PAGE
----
Dukuh Atas highlights the physical complexities of implementing TODs in developed areas, and the need for innovative landscaping and design to maximise their convenience. Another issue that could disrupt the multi-modal system rollout is the need to develop an integrated payment system for the different forms of transport, which is likely to require a complex technical solution.
Public & Private Investment
The list of other major TODs in Jakarta includes Sakura Garden City – a collaborative development between Japan’s Trivo Group, Daiwa House and Japan Overseas Infrastructure Investment Corporation for Transport and Urban Development – which lies close to Ciracas LRT station in East Jakarta. Composed of some 5000 residential and commercial premises spread across a number of high-rise towers, the development is planned to include a hotel, mall, lake, jogging track, gym, pool, and medical and educational facilities. As much as 60% of the 12-ha development is reserved for grassland, demonstrating how the compact, vertical design concept of inner-city TODs can assist in achieving the government’s aim of preserving 30% of Jakarta’s total area for green and open spaces, as stipulated in the Spatial Planning Law passed in 2007.
In addition, PP Properti, a subsidiary of stateowned construction firm Pembangunan Perumahan, is set to build two apartment blocks with convenient access to the Juanda commuter line station in central Jakarta. One of the towers will comprise units for commercial sale, while the other will be reserved for low-cost housing. Although the latter will require considerable state subsidies, the former will help to offset some of this cost, and facilitate the government’s drive to reduce the affordable housing deficit from around 11m, as of January 2020. Add to these the development of seven major TODs by Adhi Commuter Property – a subsidiary of state-owned Adhi Karya – along the new Jakarta and Jabodetabek LRT routes, and the multi-faceted benefits offered by TODs in both stimulating major investment and tackling social issues become more apparent.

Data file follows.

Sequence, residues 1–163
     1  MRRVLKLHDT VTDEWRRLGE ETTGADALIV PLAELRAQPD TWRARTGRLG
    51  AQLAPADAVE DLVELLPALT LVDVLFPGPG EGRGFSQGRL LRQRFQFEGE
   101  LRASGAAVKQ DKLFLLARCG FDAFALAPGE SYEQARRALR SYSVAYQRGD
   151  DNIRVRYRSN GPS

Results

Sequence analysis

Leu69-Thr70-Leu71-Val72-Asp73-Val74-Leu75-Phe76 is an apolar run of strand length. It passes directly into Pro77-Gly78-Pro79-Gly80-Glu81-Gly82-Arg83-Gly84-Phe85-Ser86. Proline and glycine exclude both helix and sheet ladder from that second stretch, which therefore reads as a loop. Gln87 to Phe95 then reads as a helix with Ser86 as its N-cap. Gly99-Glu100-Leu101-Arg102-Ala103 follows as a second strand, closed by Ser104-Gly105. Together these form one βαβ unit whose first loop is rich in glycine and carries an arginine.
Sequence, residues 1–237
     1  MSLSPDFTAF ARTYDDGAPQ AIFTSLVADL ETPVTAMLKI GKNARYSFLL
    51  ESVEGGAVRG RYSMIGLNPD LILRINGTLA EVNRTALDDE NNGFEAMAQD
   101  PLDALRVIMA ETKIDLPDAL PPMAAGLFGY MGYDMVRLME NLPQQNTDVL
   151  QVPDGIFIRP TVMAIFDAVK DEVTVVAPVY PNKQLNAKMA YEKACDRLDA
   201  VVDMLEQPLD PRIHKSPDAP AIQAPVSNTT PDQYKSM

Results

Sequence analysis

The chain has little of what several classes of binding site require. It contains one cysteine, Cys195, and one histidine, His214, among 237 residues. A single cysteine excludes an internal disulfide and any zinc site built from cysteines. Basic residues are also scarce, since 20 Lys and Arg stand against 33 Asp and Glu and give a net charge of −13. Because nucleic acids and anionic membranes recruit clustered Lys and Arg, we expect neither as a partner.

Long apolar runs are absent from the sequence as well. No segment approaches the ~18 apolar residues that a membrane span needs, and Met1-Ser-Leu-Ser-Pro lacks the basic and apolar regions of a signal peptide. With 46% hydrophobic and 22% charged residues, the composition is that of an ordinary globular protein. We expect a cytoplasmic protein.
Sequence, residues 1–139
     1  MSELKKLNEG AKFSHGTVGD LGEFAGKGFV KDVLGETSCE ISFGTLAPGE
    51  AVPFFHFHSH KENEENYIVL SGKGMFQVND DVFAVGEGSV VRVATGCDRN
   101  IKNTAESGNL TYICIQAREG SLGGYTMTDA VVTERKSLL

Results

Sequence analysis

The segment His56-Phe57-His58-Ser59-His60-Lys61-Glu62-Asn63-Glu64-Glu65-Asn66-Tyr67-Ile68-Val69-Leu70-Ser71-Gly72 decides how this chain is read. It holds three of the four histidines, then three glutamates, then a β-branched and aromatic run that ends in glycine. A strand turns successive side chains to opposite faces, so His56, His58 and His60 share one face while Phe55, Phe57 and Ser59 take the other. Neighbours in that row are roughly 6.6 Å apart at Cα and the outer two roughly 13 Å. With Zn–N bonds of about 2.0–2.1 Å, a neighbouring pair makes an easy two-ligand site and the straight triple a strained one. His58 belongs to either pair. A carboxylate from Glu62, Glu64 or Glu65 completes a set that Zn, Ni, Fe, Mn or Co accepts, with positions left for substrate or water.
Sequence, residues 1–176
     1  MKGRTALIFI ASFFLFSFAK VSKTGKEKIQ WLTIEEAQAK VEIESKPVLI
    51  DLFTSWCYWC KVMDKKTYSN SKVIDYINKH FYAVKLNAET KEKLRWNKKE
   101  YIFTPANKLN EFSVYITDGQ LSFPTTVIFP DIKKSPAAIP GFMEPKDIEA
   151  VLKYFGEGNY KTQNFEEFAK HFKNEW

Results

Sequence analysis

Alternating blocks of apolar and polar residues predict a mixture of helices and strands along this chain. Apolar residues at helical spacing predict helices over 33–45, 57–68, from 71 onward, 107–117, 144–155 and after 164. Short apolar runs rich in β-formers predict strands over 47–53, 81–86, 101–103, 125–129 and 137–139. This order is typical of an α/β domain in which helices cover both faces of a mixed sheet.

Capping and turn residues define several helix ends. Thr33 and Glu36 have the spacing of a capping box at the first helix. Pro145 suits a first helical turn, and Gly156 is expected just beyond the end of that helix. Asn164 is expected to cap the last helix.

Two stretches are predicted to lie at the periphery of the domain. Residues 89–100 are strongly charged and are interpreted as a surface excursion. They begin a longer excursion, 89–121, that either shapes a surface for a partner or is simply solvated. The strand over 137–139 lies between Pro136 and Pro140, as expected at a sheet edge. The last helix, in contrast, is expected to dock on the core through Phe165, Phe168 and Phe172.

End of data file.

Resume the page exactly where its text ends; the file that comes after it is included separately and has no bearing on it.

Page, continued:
Domestic firm Ciputra Residence is proving an active player in Indonesia’s TOD landscape, with various ongoing projects. Its Citra Maja Raya township development is situated 80 km west of Jakarta in Tangerang regency and close to Maja commuter train station. As of January 2020 the official website for the project stated that 600 ha of the 2,600 ha plot had been completed, and that over 15,000 residential and commercial properties had been sold, with prices ranging between Rp168m ($11,800) and Rp450m ($31,700).
Ciputra Residence is also involved in a joint venture with Tridaya Semesta and Sarana Golf Utama to develop Citra Sentul Raya township in the city of Sentul, West Java, 50 km south of Jakarta. The project is accessible by the Jagorawi Toll Road and will be built around the Sirkuit Sentul LRT station. Both this and the Citra Maja Raya township differ from inner-city TODs as they represent more traditional suburban communities, featuring low-rise properties spread over a larger expanse of land – albeit with the core principles of TOD in place – and display both the versatility of the TOD concept and its potential scope for future implementation.
In addition, land and real estate in the areas serviced by the South Sumatra LRT Project, Indonesia’s first light rail corridor, are being acquired by investors who recognise that growing government support for TODs presents considerable opportunity – particularly in a country trying to address a housing deficit and cater for the needs of an expanding middle class.
With urbanisation set to rise dramatically, lessons must be learned from the social, environmental and economic issues currently facing Jakarta. Constructing the new capital city in East Kalimantan is an opportunity to integrate efficient spatial and real estate planning into the design of a major metropolitan area – without many of the obstacles and constraints faced when attempting to retrofit such developments into highly developed areas. Initiatives to increase the use of public transport and promote the attractiveness of TODs are, thus, likely to be more aggressively pursued by both the public and private sectors in the coming years.